Cash Flow Management

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A common mistake new business owners often make is only worrying about cash flow when reserves are getting low. When businesses are hurting with cash flows, it isn’t usually getting paid that is the issue, it’s when they’re getting paid. Inconsistent payments can lead to missed payments for bills, delayed employee paychecks, and/or a halt in your growth from inventory problems and not being able to satisfy all of your customers.

Here are three recommendations on how small businesses should think about cash flow so that they don’t find themselves ill-prepared for circumstances that may arise:

  1. BE FORWARD THINKING

If you’re a small business owner, there is no doubt that you feel like there is never enough htime in a day. We know that small business owners are some of the busiest people on Earth, and that is why think that wasting time fixing cash-flow problems should not be something you spend a lot of your valuable time on. You should be able to spend your time focusing on growing your business and expanding, which is why we suggest having working capital in place to give you some buffer room in your cash-flow situation. This working capital could be for a cash reserve, or a funding source that you can quickly and easily draw from as need-be.

It doesn’t matter if you are a small or large business; Your time is best well spent in the thick of the business, ironing out day-to-day operations and managing your employees. You don’t want to catch yourself spending hours in your office figuring out cash-flow problems.

We suggest having working capital in your back pocket for the same reason people suggest not going grocery shopping while you’re hungry. If you’re hungry, you’re more likely to be less concerned with price and make decisions you might not normally have made. If you’re hurting for cash because you weren’t forward thinking, you might be inclined to take financing from somewhere that doesn’t offer you the best terms and rates because you need the money now. Being forward thinking puts you in the best place for any future situations that arise where your company might need money in a pinch,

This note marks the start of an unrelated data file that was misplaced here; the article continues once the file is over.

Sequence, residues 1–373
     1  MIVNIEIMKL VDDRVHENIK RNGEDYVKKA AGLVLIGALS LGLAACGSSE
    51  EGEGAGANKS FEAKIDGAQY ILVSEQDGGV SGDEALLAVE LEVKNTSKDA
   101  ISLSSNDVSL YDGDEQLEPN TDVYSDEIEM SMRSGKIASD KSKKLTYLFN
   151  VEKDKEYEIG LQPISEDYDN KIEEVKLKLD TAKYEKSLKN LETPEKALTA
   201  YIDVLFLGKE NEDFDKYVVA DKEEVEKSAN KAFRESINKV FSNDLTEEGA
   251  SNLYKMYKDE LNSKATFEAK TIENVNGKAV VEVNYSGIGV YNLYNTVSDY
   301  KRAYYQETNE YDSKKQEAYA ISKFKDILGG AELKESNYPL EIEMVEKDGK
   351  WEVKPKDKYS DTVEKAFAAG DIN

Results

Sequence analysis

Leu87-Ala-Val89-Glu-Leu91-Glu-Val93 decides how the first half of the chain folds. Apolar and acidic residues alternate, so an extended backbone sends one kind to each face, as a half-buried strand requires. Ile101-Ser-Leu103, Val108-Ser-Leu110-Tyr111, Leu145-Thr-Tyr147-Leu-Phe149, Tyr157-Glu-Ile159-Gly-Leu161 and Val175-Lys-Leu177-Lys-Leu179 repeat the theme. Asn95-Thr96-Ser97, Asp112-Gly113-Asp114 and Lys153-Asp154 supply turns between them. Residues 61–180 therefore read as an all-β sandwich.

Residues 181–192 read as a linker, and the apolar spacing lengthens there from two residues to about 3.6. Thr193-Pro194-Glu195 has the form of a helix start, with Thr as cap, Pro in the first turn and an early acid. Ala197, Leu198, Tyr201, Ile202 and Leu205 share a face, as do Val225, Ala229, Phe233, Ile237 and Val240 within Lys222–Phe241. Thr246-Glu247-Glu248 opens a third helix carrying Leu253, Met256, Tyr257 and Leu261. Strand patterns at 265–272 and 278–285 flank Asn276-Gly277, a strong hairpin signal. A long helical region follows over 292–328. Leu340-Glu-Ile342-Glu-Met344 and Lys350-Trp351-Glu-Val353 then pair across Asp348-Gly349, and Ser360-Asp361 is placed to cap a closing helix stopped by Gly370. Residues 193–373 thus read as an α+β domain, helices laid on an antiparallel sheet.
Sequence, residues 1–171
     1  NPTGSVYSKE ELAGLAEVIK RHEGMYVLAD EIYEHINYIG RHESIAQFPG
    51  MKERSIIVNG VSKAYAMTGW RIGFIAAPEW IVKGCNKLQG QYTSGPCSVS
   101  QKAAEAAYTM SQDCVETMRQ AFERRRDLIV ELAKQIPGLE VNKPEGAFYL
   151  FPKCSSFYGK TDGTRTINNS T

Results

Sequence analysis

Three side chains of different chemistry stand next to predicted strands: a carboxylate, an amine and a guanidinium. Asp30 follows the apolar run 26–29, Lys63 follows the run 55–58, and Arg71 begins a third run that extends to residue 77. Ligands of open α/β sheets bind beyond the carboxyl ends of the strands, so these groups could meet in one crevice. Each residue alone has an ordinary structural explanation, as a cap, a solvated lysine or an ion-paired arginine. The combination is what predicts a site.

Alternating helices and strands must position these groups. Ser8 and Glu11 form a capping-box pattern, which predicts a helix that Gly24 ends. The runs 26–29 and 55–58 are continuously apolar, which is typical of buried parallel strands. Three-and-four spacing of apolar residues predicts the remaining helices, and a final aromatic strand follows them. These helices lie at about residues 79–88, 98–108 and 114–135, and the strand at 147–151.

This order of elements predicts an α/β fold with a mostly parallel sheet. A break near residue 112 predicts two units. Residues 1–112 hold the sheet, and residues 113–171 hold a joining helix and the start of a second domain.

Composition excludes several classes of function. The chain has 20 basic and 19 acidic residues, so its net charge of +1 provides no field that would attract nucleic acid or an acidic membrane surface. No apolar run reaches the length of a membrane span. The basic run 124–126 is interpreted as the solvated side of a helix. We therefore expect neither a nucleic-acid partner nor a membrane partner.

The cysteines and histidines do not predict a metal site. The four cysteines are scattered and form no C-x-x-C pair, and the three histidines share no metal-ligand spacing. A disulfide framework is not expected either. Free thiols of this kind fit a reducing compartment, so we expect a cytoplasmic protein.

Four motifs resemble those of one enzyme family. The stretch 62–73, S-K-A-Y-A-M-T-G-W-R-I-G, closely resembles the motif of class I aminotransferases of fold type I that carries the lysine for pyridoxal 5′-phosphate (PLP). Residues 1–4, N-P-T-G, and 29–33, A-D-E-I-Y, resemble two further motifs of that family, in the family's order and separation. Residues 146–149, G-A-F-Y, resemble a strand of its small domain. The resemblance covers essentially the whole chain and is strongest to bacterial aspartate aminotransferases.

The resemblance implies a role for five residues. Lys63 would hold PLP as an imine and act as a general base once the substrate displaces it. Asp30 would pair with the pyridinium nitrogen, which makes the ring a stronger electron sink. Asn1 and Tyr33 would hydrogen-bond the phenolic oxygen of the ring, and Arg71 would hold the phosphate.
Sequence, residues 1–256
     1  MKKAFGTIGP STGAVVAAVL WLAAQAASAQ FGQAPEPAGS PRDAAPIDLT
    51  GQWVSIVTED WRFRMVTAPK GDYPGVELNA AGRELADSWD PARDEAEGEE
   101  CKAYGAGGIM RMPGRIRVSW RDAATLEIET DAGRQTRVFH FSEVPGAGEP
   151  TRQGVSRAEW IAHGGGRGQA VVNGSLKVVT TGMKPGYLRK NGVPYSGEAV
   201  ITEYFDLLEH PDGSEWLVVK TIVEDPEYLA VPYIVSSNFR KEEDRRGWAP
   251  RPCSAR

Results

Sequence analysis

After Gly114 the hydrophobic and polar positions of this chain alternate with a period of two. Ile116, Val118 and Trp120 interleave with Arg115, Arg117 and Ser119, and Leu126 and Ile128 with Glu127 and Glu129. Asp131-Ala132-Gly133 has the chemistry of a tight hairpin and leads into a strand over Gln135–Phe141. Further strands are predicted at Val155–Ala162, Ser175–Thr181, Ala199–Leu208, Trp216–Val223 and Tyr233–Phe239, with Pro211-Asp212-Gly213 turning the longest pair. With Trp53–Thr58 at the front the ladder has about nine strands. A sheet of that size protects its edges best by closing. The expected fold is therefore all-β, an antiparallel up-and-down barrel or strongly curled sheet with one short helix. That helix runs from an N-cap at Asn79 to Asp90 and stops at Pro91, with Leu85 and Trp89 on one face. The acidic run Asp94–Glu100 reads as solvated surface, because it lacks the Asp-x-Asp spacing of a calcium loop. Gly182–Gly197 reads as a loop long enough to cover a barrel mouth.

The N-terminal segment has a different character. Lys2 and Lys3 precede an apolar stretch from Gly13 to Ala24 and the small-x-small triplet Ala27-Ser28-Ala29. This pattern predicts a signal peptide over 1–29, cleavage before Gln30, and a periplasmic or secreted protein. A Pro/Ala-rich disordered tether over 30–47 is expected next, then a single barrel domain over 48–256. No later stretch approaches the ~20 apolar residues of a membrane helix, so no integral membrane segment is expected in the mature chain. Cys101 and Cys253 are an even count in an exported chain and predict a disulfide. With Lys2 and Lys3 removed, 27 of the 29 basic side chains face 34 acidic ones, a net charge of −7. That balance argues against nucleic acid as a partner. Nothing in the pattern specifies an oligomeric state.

1. EXAMINE NET GAIN FROM FINANCING

We highly recommend seeking financing instead of turning down business or delaying your payroll. Looking for a working capital loan to cover these short terms loans is almost 100% of the time a better decision. A common mistake new business owners make is making decisions about financing based on short term costs. However, not paying your employees will have a huge moral hit and could give your company significant problems with the employees attitudes. Additionally, denying business because you can’t afford the new customers will just hurt your businesses bottom line an could taint the customer perception of your company as a whole. This is why we suggest weighing all of the costs of not taking financing, such as the moral implications and future issues, before simply denying a short term loan because it seems to cost a lot. Short term pain that can be overcome in the long run is way more ideal than the longer term issues that could arise from decisions you must make because your cash flows are struggling.

  1. KNOW YOUR OPTIONS

Seasoned business owners know that a short period of poor cash flow can be a disaster for a small business. The best solution is to find financing options before a crisis hits.

Below are three possible financing options for managing your cash flow and growing your business:

  1. Provide a vendor discount. Many businesses offer clients a discount for paying invoices before the due date. Giving a 2 percent discount for invoices paid within 10 days is common practice and will incentivize clients pay their invoices ahead of time, helping to free locked-up cash. One disadvantage is that you still won’t be fully in control of your cash flow — your customers will be.
  2. Checkout a business line of credit. A business line of credit lets you draw funds as needed, so you always have a ready source of cash to tap into when there is an expansion opportunity or a dip in cash flow.
  3. Utilize invoice factoring. Invoice factoring companies offer financing tied to business invoices. The result is a credit line, like a business line of credit, except that because it is tied to specific invoices, you usually get good rates.